From a very young age, we’re all taught to share. Whether it’s toys, clothing, or anything else. The words, “sharing is caring,” is something that resonates with many people. Sharing is not only a nice thing to do, it can also make you happy.
In a 2008 study by Harvard Business School, Professor Michael Norton found that spending money on someone else can make you happier than if you were to spend it on yourself. "Intentional activities — practices in which people actively and effortfully choose to engage — may represent a promising route to lasting happiness. Supporting this premise, our work demonstrates that how people choose to spend their money is at least as important as how much money they make," he said.
So, in regard to being giving and caring, sharing is actually a good thing. However, when it comes to hygienic products and toiletries, you should never share these things.
Here are a few of the no-share items:
To some, this might seem gross, but many couples, both married and dating have admitted to sharing their partner’s toothbrush. Research from UkBathrooms.com found that British couples admitted to sharing a toothbrush: “26 percent of respondents did with 70 percent of them stating that they didn’t see it as ‘unhygienic.’ Plus, 56 percent claimed that they had shared the same toothbrush for more than a year.”
However, sharing a toothbrush can cause a number of issues, and it’s actually quite unhygienic. According to the American Dental Association, sharing a toothbrush could result in an increase of infections. This is riskier for people who have compromised immune systems of existing infectious diseases.
This one might not seem as obvious because you’re just using it across your skin, right? Wrong. Razors can spread infections such as warts, folliculitis, or jock itch — even if there is no cut present. You’ll also get a better shave if you use your own. “A good rule of thumb is to replace the blade after five to 10 uses, and you'll be able to keep track more efficiently if you have a blade that's all your own,” said Dr. Jeanie Chung Leddon, Boulder Valley Center for Dermatology, in a WebMD magazine feature.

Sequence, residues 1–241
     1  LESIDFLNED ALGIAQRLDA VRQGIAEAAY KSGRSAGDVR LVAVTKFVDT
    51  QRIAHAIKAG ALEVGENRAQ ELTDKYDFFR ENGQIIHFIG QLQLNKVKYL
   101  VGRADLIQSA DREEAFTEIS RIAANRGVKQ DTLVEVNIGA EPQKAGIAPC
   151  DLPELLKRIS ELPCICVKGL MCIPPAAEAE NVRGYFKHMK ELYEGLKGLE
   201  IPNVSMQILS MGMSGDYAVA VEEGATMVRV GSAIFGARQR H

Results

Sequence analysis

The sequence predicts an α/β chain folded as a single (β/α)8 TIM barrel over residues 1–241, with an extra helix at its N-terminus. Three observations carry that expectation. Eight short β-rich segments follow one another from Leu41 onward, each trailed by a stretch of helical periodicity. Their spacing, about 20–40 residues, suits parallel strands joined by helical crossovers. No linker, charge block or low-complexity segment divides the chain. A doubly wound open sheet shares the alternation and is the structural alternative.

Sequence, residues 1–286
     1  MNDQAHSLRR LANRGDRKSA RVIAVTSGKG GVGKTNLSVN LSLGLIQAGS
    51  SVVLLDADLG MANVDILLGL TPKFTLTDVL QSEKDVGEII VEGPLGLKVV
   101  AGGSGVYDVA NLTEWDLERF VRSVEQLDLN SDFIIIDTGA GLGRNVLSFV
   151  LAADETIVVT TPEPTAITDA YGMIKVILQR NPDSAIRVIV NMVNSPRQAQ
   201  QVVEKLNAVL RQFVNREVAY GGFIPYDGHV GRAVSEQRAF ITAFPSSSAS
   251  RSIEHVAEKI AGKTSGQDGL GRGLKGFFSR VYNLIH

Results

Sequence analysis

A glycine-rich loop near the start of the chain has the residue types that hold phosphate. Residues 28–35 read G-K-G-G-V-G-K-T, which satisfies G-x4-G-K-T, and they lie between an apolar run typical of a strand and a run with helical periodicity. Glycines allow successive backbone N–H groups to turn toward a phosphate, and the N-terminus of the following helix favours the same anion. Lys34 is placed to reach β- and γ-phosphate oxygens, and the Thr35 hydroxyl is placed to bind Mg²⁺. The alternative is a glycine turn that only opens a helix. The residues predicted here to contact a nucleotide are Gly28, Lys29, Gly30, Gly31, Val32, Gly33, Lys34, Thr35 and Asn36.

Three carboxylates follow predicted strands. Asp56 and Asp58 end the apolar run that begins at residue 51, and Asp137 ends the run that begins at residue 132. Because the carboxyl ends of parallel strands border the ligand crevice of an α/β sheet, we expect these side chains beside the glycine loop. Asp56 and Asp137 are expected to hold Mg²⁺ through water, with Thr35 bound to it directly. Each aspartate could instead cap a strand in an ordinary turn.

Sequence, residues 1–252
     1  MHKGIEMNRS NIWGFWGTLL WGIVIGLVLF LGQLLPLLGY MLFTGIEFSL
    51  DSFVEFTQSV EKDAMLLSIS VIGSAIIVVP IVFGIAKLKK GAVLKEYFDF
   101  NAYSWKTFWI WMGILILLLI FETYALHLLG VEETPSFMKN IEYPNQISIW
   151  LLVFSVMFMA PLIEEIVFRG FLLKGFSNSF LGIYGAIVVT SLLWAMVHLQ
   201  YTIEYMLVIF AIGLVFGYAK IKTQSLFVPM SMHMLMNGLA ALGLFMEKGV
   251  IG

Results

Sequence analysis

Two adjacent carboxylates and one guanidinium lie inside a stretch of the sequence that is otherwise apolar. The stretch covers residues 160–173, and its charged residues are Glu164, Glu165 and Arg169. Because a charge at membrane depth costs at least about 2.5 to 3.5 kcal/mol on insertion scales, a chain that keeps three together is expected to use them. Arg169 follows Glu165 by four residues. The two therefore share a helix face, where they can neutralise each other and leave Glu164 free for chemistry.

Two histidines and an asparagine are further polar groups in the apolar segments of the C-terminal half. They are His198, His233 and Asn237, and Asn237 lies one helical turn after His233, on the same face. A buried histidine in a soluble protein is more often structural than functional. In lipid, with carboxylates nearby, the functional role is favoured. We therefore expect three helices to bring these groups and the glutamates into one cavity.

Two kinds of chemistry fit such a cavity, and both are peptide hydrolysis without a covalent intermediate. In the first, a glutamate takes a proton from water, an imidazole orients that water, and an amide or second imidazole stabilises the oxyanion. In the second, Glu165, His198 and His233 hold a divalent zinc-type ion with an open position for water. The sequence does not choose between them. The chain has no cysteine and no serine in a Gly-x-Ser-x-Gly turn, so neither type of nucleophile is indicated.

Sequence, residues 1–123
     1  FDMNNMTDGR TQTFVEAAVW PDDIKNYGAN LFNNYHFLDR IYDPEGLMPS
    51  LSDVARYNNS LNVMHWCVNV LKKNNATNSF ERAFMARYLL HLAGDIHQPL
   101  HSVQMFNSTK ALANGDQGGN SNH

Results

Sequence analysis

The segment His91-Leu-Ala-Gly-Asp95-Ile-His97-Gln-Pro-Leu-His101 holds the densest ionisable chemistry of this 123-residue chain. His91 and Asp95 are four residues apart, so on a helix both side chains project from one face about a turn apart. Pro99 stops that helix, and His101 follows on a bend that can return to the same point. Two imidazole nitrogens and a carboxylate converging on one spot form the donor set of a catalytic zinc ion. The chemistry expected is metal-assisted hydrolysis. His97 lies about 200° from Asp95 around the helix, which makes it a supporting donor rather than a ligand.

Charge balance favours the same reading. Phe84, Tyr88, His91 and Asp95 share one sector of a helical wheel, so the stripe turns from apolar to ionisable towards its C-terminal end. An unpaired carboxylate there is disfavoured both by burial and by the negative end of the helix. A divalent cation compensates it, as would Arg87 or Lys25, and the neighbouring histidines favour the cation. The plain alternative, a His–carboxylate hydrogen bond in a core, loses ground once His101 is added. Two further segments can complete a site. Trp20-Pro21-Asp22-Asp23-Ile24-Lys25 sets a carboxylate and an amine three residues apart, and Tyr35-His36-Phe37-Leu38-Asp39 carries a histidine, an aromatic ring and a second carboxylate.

Towel sharing of any kind is a big no-no, even if the towel was just used after stepping out of the shower. Bacteria such as staph infection bacteria can live on the towel for a few hours, days, or even months. This is probably longer for a towel, since it has the ability to retain moisture and other bacteria, too. Change your towels at least once a week, hang them to dry in an open space, and never share them with anyone — not even family members.
While bar soap does seem to be self-cleaning, the bar can still hold bacteria. The Centers for Disease Control and Prevention recommends liquid soap over bar soap, but if you love using a bar, get your own. In a 2006 study, researchers found that soap was a source of continuous reinfection in dental clinics. “It could be because bars of soap don't usually dry all the way between uses, especially on the bottom, leading to an accumulation of bacteria, fungi, and yeast that can be passed from person to person,” Neal Schultz, a cosmetic dermatologist in New York City, told The Huffington Post.
5. Combs/ Brushes
Combs can spread a number of diseases such as head lice, scabies, and sometimes even a staph infection. Even people in families should not share hairbrushes. However, sharing hair brushes is hard not to do, especially when you visit the salon or barber, but make sure they use some sort of sanitizer before running anything though your hair. You should also clean your personal brushes, fill a bowl with anti-bacterial soap and water, and soak your brushes for about an hour or so. Rinse thoroughly and repeat this process every two weeks.
Yuck! Why would you want someone else’s perspiration on you anyway, right? Well, some couples actually share everything, including their deodorant. Sweating breaks down the sweat in your skin. There is, however, a difference between using a roll-on and a stick. According to Dr. Schulz, “with a deodorant stick, he says, you can transfer skin cells and hair, which plays to some people's lower threshold for the gross, but won't result in infection.” A roll-on deodorant has the ability to transfer more bacteria because of its sticky quality.